Depictions of Real People
Depictions of real people are frequently a component of art, and the ability to reference, discuss, and critique others is a fundamental part of free expression. The First Amendment generally protects artists’ use of depictions of real people in their art, though there are several circumstances in which the rights of the person being depicted may trump those of the artist.
Generally, a false statement about another person that reflects poorly on their character and is presented as true and factual information could be considered defamation. The key issue is whether the negative comment is conveyed as a fact about the person, or merely as the speaker’s opinion. Artists cannot be successfully sued for expressing their opinions about another person, and negative depictions of real people in a parody or satire are also protected when it is clear that a reasonable person could not have interpreted the parody as stating actual facts. (For a discussion of another type of parody – involving the use of copyrighted material, please see the section on sampling and appropriation.)
The law also makes a distinction between commentary about private and public figures. A false but damaging statement about a private figure may be defamatory if the speaker was negligent in verifying the truth of the statement, but when the person depicted is a public figure, the speaker must be acting maliciously, with the intent to harm the person, in order to be liable for defamation.
When artists create art that involves the images of public figures, another issue they face is whether they may make a profit from the other person’s image. Everyone, including celebrities and public personalities, has the general right to control the use of his or her image for commercial exploitation. Courts are often concerned, however, that putting limitations on the use of public figures’ images might chill the free exchange of ideas and political debate. Courts draw the line when a public figure’s image is used to convey his support or endorsement of a product. For example, an artist may, in general, sell a print that depicts the president, but if the print implies the president’s endorsement of a product, it would violate the president’s publicity rights.The Basics
In general, the law does not protect artists who knowingly make false assertions of fact about another person that damage that person’s reputation or otherwise cause them harm. Further, people have rights over the use of their name, likeness, and personality. In the United States these rights are generally categorized as privacy rights and publicity rights. Another key point to remember is an individual has strong rights to protect their name, image, likeness, personality, or voice when they are used for advertising. However, artists may use another person’s image as a commentary in their art, which occurs frequently in the context of parody and satire.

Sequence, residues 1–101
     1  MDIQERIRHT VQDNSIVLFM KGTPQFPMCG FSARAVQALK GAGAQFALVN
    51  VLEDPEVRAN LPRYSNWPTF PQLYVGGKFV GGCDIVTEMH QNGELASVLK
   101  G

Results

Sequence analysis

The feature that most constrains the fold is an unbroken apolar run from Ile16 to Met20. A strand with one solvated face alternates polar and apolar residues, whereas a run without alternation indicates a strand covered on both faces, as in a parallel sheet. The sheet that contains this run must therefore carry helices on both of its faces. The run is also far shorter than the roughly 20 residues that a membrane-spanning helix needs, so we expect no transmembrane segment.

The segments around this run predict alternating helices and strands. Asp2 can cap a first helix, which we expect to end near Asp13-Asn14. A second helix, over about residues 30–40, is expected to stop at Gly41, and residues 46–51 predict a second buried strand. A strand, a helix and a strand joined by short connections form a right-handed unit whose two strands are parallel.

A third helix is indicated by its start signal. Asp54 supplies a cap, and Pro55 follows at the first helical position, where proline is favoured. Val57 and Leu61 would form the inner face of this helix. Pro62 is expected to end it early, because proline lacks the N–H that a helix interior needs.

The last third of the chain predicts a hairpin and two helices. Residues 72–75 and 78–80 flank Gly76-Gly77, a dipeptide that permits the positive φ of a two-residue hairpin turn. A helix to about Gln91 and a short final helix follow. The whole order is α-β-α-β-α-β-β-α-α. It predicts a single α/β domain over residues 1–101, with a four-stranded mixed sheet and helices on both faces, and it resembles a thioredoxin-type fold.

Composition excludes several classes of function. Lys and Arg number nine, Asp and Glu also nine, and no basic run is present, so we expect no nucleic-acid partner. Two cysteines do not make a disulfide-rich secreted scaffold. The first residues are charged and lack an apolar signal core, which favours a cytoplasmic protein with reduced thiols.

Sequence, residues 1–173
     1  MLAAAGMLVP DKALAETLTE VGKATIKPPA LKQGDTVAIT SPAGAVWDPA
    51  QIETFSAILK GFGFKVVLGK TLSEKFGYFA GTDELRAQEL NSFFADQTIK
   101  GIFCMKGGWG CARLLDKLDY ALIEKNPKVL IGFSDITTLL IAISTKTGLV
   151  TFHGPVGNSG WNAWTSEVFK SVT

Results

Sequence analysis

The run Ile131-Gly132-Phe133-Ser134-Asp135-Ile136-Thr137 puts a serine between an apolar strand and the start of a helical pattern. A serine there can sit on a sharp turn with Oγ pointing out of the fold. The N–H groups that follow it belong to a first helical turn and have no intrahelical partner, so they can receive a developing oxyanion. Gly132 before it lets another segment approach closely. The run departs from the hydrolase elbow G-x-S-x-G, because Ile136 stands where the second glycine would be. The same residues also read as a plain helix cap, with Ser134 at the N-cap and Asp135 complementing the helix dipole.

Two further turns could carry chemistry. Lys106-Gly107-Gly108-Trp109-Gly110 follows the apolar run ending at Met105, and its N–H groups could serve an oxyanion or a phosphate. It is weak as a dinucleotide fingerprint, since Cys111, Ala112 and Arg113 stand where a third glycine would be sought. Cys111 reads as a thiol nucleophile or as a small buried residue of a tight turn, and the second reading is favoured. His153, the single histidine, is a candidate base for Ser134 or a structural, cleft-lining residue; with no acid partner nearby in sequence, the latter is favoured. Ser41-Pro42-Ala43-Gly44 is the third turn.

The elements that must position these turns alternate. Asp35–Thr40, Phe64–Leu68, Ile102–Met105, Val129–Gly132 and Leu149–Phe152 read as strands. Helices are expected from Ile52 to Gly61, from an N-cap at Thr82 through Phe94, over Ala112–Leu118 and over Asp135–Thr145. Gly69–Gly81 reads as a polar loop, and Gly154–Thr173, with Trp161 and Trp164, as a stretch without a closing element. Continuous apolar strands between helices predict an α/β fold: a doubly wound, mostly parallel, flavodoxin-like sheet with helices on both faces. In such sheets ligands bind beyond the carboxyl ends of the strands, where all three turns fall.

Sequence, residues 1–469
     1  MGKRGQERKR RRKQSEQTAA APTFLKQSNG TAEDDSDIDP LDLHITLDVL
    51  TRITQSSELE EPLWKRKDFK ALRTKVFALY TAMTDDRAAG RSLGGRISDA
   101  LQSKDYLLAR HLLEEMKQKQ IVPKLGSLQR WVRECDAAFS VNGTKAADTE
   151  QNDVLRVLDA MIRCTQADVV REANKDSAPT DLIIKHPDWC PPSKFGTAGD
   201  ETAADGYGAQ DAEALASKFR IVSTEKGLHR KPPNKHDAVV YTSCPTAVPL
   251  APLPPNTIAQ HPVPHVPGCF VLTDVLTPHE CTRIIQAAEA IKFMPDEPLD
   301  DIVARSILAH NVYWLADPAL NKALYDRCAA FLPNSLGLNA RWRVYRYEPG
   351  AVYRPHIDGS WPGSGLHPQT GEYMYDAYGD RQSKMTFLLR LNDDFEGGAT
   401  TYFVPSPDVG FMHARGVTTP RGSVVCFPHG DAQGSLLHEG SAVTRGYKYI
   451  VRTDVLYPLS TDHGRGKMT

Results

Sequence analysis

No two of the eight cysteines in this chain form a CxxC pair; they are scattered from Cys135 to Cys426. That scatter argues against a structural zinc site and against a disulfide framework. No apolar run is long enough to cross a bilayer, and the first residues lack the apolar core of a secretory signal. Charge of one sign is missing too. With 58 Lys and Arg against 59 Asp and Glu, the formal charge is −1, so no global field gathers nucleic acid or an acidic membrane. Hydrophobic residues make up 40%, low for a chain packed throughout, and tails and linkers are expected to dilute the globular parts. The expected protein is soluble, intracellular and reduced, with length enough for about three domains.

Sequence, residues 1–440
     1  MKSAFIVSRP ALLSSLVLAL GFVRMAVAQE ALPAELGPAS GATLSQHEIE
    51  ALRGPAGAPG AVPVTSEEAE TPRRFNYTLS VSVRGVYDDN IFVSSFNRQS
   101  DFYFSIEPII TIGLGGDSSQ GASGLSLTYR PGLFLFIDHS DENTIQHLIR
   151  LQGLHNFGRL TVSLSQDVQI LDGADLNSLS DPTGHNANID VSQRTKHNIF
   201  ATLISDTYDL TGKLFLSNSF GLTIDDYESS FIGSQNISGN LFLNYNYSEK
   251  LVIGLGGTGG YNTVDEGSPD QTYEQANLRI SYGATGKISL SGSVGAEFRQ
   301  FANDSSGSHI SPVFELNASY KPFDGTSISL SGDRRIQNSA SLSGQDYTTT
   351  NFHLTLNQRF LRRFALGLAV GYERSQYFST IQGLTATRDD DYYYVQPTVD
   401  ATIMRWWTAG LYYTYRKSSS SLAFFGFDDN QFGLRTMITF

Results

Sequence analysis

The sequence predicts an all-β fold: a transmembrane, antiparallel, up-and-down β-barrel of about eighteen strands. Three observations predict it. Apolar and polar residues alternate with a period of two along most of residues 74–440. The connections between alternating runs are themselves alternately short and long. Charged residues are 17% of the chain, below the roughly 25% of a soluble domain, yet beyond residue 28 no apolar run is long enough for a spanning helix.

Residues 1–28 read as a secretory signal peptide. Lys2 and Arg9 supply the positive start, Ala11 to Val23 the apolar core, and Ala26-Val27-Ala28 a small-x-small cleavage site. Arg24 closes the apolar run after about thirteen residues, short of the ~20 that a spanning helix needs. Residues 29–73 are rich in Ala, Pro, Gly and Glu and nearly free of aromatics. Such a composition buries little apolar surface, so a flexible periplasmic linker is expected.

When an artist creates a work that is makes false assertions about another individual, the person depicted may be able to sue the artist for defamation of character. Defamation, which includes slander (spoken defamation) and libel (written defamation/defamation in a fixed medium), is any comment that reflects negatively on a person’s character or harms his or her reputation. Under U.S. law, only comments that are presented as statements of fact can be considered defamatory; comments that are clearly expressions of the speaker’s opinion are not defamation.
There are different standards under defamation law for commentary about public and private figures. Public figures include politicians, celebrities, and any other person who has put him- or herself in the public spotlight or has greater-than-usual access to the media. They can only succeed in a claim of defamation if they can prove that the speaker made his comment knowing that it was false, or with reckless disregard to the truth of the comment – this is known as the “actual malice” standard. Actual malice can be very difficult for a public figure to prove, and public figures are rarely successful in defamation cases. Private figures, however, only have to demonstrate that the speaker acted negligently in verifying the truth of the statement.